For me the joy of Sl is being able to create an avatar that is far removed (unfortunately!! How I would love wings!!) from what I look like in RL. My feeling would be that, within reason, professionals' avatars should have the same freedom. After all, SL is very much about creativity and I'm sure it would enhance the student / Librarian relationship if they were witness to the creativity of their lecturers.

However, I do know some who use different avatars for different jobs, especially in the counselling sector where it helps to have male and female avatars. A lass I know who works for the SL Police, understandably wears a uniform, yet when she is running her Mission she wears the most delightfully flamboyant outfits.

I don't know how I'd feel about giving up, for instance, my wings for my work - they are such an integral part of my persona in SL, I'd feel naked without them. But I guess I'd have to see and make the decision based on the work I was carrying out at the time.

And there's that problem again - what if the relationship with a student goes beyond the student / teacher scenario and friendships develop? Are such SL friendships to be treated with the same caution that they would have in RL?

Hmmmm ....

PS I couldn't imagine you with buns and wearing tweeds!

Sheila Yoshikawa said...

Thanks for your comments, Maggie and Citril. I was thinking today that having 2 people introduce different questions during the discussion might make it easier to get people to "close" one question and move onto the next. On the other hand, I do think a number of interesting points emerged and it was nice that there was such an active discussion. As Maggie says, there were sometimes parallel conversations taking place and it is difficult to concentrate on more than one thread (at the time) Transcripts are definitely useful from that point of view.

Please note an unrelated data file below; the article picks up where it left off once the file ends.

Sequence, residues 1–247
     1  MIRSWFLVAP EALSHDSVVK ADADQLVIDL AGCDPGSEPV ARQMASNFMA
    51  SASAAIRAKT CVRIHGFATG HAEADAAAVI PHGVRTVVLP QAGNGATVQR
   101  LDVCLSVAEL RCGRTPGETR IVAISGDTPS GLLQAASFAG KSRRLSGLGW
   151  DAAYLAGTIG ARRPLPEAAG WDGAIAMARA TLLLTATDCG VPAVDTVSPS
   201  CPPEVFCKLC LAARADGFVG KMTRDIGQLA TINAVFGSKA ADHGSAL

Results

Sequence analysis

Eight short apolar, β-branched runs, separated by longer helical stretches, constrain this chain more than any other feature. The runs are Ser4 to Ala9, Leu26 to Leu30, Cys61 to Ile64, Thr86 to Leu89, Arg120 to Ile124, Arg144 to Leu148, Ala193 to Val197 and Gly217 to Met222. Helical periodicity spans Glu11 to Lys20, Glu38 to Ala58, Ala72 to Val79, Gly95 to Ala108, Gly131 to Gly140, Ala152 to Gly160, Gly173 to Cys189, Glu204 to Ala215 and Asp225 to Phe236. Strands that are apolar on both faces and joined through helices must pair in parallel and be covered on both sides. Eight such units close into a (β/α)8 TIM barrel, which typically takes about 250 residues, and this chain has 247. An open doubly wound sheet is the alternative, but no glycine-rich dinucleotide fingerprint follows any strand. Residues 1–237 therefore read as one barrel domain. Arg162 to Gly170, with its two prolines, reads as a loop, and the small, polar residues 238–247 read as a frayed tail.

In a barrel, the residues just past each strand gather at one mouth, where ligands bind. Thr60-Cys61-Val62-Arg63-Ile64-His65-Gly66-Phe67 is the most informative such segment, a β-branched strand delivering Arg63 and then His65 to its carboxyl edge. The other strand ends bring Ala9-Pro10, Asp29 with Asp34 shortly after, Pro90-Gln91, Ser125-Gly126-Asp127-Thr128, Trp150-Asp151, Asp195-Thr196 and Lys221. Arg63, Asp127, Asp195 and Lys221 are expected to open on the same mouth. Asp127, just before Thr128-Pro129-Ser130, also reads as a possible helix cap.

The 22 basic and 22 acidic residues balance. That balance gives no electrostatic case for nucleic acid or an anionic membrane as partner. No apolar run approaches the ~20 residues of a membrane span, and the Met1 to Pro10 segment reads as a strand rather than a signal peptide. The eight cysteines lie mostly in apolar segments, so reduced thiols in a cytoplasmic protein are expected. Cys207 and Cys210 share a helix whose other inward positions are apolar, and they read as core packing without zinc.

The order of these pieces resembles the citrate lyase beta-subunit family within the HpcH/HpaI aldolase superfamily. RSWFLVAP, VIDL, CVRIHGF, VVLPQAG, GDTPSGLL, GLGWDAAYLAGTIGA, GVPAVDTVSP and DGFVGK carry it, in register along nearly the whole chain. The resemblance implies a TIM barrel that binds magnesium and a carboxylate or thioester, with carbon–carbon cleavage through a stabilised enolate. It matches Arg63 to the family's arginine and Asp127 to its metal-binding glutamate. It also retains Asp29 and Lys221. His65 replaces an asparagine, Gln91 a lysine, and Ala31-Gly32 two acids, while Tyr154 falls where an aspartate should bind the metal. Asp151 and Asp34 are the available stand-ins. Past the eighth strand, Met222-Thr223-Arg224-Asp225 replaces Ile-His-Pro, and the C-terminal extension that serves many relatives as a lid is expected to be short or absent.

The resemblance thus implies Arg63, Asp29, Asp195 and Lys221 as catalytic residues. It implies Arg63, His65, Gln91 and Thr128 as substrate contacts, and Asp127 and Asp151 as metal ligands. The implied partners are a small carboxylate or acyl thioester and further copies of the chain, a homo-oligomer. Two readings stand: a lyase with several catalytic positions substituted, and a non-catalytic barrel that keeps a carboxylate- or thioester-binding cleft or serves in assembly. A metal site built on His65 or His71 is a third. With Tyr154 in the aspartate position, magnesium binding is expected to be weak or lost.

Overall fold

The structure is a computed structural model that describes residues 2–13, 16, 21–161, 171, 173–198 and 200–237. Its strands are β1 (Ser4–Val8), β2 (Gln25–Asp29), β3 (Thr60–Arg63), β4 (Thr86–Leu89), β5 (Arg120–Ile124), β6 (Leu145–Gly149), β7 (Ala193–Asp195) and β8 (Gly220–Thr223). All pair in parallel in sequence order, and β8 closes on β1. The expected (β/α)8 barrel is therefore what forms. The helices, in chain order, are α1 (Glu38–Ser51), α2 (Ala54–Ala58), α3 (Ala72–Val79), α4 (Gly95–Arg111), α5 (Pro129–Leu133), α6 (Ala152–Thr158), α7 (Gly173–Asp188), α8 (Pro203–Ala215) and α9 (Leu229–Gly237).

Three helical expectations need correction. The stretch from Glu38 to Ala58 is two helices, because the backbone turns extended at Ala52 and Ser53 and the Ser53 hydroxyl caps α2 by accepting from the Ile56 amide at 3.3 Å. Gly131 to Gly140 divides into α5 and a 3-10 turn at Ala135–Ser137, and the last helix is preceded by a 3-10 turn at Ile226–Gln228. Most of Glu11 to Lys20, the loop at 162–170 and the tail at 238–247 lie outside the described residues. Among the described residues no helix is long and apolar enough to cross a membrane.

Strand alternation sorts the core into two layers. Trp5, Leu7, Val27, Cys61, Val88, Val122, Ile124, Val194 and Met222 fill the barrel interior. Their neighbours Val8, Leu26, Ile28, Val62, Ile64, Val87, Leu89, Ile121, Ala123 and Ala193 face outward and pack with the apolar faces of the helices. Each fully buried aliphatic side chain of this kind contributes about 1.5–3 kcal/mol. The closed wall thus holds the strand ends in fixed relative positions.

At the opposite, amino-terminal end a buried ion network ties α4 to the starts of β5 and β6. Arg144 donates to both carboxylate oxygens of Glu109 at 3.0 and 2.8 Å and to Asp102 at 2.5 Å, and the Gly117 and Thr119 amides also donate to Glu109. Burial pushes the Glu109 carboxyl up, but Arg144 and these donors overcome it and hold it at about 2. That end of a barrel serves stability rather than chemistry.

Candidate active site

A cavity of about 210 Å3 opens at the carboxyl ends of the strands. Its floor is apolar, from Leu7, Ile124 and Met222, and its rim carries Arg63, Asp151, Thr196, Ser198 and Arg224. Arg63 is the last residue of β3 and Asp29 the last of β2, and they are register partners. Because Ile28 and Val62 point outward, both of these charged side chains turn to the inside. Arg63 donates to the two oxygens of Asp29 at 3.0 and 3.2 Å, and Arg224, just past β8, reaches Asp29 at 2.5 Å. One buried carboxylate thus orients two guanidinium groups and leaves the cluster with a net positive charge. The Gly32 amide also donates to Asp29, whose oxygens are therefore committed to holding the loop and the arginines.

Also you could take a focus group approach, with one person being an observer, who also has the role of summariser - easier to do that if you aren't trying to participate. I think that collaborative teaching is particularly valuable in SL.

I don't have Voice myself at the moment ... I think there will be another set of issues there ...

Citril, I think that it would be as inappropriate to have a relationship in SL with one of your students as it would in RL. Of course there is the issue if the student appears as an alt and you don't realise ... in general I think if you are using an avatar who is doing formal teaching in SL you ought to be careful of what that avatar does altogether in SL. I'm sure this is an area for further debate!! I gather that in North America in RL there is even more caution than in the UK e.g. it is more likely that you wouldn't have a meeting alone with an opposite sex student with the door closed.

Anonymous said...

lol ... just to clarify, having read back my comment, relationship to me meant friendship!

It would be interesting to see how a meeting went with voice. I attended a meeting recently where, on the whole, folk were very focussed on what the leader was saying and kept comments and questions to the pint. But every so often someone would start their own wee conversation, which would then lead to one of the assistants getting, in my opinion, quite ratty and telling everyone to stay focussed on the speaker. At one point I was so fed up with her comments, I was tempted to walk out .... except we discovered the door had locked and noone could get out except via the 3rd floor window. And given how laggy we were, I knew I'd end up trying to walk through folk. I would have TP'd but if I was going to make a point, that wouldn't have had any impact! lol

The blog of Sheila Yoshikawa on her adventures in Second Life. This may be very thrilling. Or possibly not.